Also please let us know whether you are happy to receive communications promoting products and services offered by Mondaq:

Yes, I am happy to received promotional communications from Mondaq
No, please do not send me promotional communications from Mondaq
Terms & Conditions

Mondaq.com (the Website) is owned and managed by Mondaq Ltd (Mondaq). Mondaq grants you a non-exclusive, revocable licence to access the Website and associated services, such as the Mondaq News Alerts (Services), subject to and in consideration of your compliance with the following terms and conditions of use (Terms). Your use of the Website and/or Services constitutes your agreement to the Terms. Mondaq may terminate your use of the Website and Services if you are in breach of these Terms or if Mondaq decides to terminate the licence granted hereunder for any reason whatsoever.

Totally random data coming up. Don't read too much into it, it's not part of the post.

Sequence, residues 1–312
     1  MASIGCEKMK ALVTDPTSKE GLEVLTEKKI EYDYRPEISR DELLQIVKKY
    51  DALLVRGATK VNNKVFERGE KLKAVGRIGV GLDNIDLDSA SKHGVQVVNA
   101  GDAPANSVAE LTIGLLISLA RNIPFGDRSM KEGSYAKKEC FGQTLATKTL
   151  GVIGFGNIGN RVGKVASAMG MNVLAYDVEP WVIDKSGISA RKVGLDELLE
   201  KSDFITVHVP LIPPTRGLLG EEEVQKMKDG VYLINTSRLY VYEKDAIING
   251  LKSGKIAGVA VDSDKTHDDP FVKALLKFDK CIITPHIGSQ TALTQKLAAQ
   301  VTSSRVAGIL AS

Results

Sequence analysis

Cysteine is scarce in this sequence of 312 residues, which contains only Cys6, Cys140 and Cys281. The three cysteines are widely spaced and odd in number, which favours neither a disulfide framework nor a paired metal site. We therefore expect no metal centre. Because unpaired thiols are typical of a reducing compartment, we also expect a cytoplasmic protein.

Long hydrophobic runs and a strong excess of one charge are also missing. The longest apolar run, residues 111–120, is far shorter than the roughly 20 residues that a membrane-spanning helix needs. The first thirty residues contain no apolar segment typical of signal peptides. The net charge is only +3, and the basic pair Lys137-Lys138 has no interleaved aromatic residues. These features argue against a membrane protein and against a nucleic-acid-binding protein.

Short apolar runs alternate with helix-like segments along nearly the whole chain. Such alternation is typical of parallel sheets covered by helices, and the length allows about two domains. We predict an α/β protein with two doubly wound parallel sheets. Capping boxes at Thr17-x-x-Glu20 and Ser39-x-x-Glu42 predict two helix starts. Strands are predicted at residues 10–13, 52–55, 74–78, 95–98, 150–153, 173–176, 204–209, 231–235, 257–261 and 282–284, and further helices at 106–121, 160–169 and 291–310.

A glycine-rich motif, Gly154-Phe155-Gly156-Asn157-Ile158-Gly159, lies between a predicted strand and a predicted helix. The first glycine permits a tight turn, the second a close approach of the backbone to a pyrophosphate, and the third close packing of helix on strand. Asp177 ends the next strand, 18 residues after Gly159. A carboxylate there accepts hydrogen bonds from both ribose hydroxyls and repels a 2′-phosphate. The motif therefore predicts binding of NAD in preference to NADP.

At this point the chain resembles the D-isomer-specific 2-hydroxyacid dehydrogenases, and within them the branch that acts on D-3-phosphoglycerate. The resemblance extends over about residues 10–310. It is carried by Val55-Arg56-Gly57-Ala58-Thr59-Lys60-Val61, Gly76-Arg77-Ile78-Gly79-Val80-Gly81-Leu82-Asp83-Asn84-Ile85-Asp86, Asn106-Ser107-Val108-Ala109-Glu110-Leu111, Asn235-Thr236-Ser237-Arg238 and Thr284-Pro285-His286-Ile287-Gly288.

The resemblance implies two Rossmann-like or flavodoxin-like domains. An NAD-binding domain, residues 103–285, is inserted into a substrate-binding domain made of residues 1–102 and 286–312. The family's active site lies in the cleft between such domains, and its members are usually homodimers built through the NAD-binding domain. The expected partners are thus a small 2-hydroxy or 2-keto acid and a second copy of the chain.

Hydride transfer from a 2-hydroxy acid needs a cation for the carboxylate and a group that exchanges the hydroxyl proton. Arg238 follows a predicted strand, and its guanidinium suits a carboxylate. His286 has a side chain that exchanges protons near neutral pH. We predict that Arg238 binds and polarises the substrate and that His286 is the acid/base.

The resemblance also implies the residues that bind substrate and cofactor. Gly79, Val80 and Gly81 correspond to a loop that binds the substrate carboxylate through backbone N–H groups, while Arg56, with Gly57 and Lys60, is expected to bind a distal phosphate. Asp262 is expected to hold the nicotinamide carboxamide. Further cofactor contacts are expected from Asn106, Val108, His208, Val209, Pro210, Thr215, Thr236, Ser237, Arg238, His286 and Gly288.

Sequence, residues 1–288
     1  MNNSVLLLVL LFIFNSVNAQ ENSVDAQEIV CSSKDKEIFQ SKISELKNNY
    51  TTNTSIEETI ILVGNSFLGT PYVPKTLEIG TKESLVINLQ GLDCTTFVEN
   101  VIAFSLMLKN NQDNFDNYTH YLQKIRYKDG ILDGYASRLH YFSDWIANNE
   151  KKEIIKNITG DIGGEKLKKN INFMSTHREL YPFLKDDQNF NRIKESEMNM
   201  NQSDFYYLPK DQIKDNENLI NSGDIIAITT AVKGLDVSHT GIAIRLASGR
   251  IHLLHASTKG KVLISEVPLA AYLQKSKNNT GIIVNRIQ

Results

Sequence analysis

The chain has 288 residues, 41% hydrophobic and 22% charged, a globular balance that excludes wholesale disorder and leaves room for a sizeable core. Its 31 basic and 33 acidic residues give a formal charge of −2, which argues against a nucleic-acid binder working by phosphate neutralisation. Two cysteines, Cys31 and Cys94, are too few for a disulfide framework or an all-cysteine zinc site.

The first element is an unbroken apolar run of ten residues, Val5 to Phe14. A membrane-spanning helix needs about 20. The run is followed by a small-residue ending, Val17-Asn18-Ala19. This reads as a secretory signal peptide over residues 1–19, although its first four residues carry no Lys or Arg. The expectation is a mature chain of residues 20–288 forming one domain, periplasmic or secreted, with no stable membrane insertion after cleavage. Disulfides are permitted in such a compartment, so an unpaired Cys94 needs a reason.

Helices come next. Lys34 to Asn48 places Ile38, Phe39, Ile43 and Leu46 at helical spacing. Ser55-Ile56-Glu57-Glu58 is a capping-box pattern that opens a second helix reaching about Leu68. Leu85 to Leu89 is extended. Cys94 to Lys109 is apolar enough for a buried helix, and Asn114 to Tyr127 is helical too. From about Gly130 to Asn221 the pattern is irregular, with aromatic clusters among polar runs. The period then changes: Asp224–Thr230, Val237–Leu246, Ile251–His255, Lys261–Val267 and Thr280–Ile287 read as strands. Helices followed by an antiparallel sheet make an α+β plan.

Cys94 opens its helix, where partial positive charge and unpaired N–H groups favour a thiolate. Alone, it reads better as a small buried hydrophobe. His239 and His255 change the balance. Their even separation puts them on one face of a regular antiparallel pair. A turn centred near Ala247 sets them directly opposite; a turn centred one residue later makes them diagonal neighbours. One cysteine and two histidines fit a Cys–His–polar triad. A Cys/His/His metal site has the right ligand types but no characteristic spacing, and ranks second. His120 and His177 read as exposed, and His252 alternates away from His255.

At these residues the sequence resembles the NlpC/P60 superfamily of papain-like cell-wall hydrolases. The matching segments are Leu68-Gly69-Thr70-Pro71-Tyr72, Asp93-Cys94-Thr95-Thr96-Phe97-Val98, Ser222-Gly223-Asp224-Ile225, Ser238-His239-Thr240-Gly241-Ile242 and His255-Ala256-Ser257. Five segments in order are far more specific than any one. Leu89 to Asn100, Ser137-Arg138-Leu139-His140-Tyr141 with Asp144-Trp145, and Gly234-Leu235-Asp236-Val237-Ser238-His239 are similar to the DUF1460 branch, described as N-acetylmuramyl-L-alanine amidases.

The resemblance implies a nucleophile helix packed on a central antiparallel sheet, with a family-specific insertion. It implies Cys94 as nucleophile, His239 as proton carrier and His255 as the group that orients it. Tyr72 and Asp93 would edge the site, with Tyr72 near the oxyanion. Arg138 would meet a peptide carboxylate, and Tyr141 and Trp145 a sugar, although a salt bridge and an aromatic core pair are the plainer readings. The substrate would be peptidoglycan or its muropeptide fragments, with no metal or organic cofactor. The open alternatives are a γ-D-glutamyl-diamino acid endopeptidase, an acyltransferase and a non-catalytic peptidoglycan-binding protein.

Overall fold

Use of www.mondaq.com

To Use Mondaq.com you must be: eighteen (18) years old or over; legally capable of entering into binding contracts; and not in any way prohibited by the applicable law to enter into these Terms in the jurisdiction which you are currently located.

You may use the Website as an unregistered user, however, you are required to register as a user if you wish to read the full text of the Content or to receive the Services.

You may not modify, publish, transmit, transfer or sell, reproduce, create derivative works from, distribute, perform, link, display, or in any way exploit any of the Content, in whole or in part, except as expressly permitted in these Terms or with the prior written consent of Mondaq. You may not use electronic or other means to extract details or information from the Content. Nor shall you extract information about users or Contributors in order to offer them any services or products.